“Where are you from?” is as simple as it can get. However, when you’re not from a certain province but you’re not from Manila, the answer becomes a little bit complicated. There is a gray area that lies in the middle of these places–no, I don’t mean we live in NLEX, SLEX, or the hectares of grass cows graze. It’s just that the definition of “home” completely varies. Is it a feeling or a destination? Perhaps it means safe haven, or does it rely on one’s culture and history? The binaries are enough to put us at our wit’s ends, so we pick a compromised ‘either or’ to avoid the complexity of the discussion. Now we wonder: Where do we belong? Is it normal to feel homesick for both places? Here are some relatable things if you’re one of us who’s neither a strict Manileño or Probinsyano.
Living in a condo
After tossing that academic cap from high school, congratulations, you’re in another circle of hell–except this time, you’re
alone independent. Your parents are very proud of you for bagging your dream school’s acceptance letter. Although this may mean spending more and seeing less of you, they send you to Manila because these schools “bring out the best in you.” Say goodbye to your own room with a queen bed, bookshelves, and a balcony. Say goodbye to a dining table and a sofa. Oh, say goodbye to windows too. This is your new home: a 20 square meter box, metal bunk beds, new pet cockroaches, and a small peep hole–with the view of skyscrapers, at least.
Convenience store food
With school taking up most of your time, there is no leeway to cook your own meal, nor learn how to cook. Therefore, your diet is convenience store food: Uncle John’s fried chicken, about 10 cups of yakisoba, and a bulk of 3-in-1 coffee. On good days, you treat yourself to dinner with friends. Feeling like you deserve this for working so hard on that 5-page paper, this dinner becomes everyday until your allowance which was given by the start of the month is gone only after the first week. Now, you’re back to cup noodles! (Or home-cooked delivery, thank god)
People from Manila frustrate you
When you’re settled in Manila and the wonder that once filtered your eyes fades, people from Manila start to frustrate you. Manila itself starts to frustrate you (if you weren’t consumed by it). There are people relying on social status and exclusivity who will unreasonably refuse to talk to probinsyanos. There’s the immensely frustrating traffic, the suffocating pollution, and the power play in school or work. And there’s the worst kind, fuckboys. You start to miss the province’s fresh cool breeze that caresses your face in mornings, the singing of birds, the smell of grass after rain. You miss your family and your pets.
Grasping whether or not to travel
Here it is, you’re dying to get home. Except the amount of workload and events you have to go to are insane. Every week, there’s something that pops up–may it be a dinner with friends, a show with an incentive, or an event you wouldn’t want to miss. Going home is always a compromise, because, as the saying goes “the city never sleeps.”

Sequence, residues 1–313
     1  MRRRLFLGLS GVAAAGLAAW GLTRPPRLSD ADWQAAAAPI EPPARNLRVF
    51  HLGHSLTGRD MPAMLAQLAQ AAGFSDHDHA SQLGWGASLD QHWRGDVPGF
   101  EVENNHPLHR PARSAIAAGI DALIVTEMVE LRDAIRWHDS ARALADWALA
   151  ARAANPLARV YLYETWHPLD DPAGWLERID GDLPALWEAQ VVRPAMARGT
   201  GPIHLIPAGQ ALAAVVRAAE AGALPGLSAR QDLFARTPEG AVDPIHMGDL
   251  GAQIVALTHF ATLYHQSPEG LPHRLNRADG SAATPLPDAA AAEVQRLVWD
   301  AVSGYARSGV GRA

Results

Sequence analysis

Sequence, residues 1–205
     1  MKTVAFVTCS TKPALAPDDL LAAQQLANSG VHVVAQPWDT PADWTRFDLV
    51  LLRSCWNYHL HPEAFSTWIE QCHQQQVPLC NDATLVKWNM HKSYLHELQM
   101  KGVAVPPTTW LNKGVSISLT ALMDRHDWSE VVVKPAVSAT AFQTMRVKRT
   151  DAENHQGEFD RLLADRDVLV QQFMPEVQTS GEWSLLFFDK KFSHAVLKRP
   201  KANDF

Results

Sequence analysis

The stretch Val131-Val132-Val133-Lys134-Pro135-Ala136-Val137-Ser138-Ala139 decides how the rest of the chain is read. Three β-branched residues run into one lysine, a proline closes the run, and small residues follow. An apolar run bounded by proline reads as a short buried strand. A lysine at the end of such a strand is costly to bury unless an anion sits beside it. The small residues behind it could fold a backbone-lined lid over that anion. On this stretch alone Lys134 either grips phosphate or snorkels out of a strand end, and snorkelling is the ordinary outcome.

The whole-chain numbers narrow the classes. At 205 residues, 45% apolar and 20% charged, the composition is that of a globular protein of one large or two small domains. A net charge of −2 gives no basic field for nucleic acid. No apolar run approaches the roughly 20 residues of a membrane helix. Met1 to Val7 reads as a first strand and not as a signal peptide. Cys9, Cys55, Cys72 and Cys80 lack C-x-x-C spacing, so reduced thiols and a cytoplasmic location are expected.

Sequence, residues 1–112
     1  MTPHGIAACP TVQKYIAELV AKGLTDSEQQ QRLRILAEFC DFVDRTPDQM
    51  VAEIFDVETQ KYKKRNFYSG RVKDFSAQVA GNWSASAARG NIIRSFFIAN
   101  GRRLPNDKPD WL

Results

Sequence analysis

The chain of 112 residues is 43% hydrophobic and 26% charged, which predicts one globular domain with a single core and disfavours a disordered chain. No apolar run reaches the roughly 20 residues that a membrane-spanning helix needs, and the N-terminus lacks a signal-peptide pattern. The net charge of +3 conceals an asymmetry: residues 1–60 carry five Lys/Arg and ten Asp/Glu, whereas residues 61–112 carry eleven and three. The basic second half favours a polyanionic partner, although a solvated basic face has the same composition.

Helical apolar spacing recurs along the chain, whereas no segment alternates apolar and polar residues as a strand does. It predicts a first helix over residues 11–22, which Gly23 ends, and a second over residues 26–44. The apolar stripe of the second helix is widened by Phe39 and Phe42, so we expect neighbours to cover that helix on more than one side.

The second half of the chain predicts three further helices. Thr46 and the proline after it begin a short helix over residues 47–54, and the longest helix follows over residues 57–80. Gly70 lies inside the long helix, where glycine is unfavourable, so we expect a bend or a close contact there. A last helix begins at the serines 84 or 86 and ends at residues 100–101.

People from the province frustrate you
When you finally make your trip back, you hear blunt remarks from your relatives that are considered offensive and taboo in the metro: “Ang taba taba mo na,” or “Ang itim mo.” With the “wokeness” of people in Manila, you find it hard to believe that those in your hometown still act unknowing of certain societal norms. Here, you find Duterte supporters, because your relatives still believe in the binary of gender and consider Duterte’s crude remarks as “jokes.” Here you will find a linear way of living: graduate, get a job, have a family, and die without leaving a legacy. Art is frowned upon because it “does not pay well.” Going against the norm is a sin. Questioning your own beliefs is an insult to their religion. You beg to go back to Manila because you feel like you don’t belong in your province, despite the 16 years you spent here.
Where do I leave my clothes?
You pack your bags, ready to brace the hours of bus rides and the big city once again. Being in the province meant wearing old clothes, because you couldn’t give two fucks. Going back to Manila, however, means handpicking all the nice items. “All the nice items” result to about 15 pieces of clothing. You’ll be having laundry days where provincial apparel meets Manila fashion, in a bad way.
Where do I belong?
When it all comes down to answering where you’re really from, the easy way out is to mention your hometown. When they ask where you reside, it’s in the metro. These questions are rather objective. The trickier question would be “Where do you belong?” Although it’s highly improbable someone asks you such, it’s something worth reflecting on. What is the idea of belongingness anyway? If this means sharing culture, subcultures, interests, and opinions, then the answer is easy. If this however means the foundation of your personality which picked to be part of the things mentioned, then it’s worth thinking twice.
At the end of the day, a place remains a place. The people inside them, however, traverse different paths and grounds. The diversity of opinions and traditions condition the mind to question, and encourage it to form new ideas. Maybe the point of leaving one space for another grants the discomfort that allots growth. At the end of the day, hiding in your safe space prevents you from seeing the rest of the world.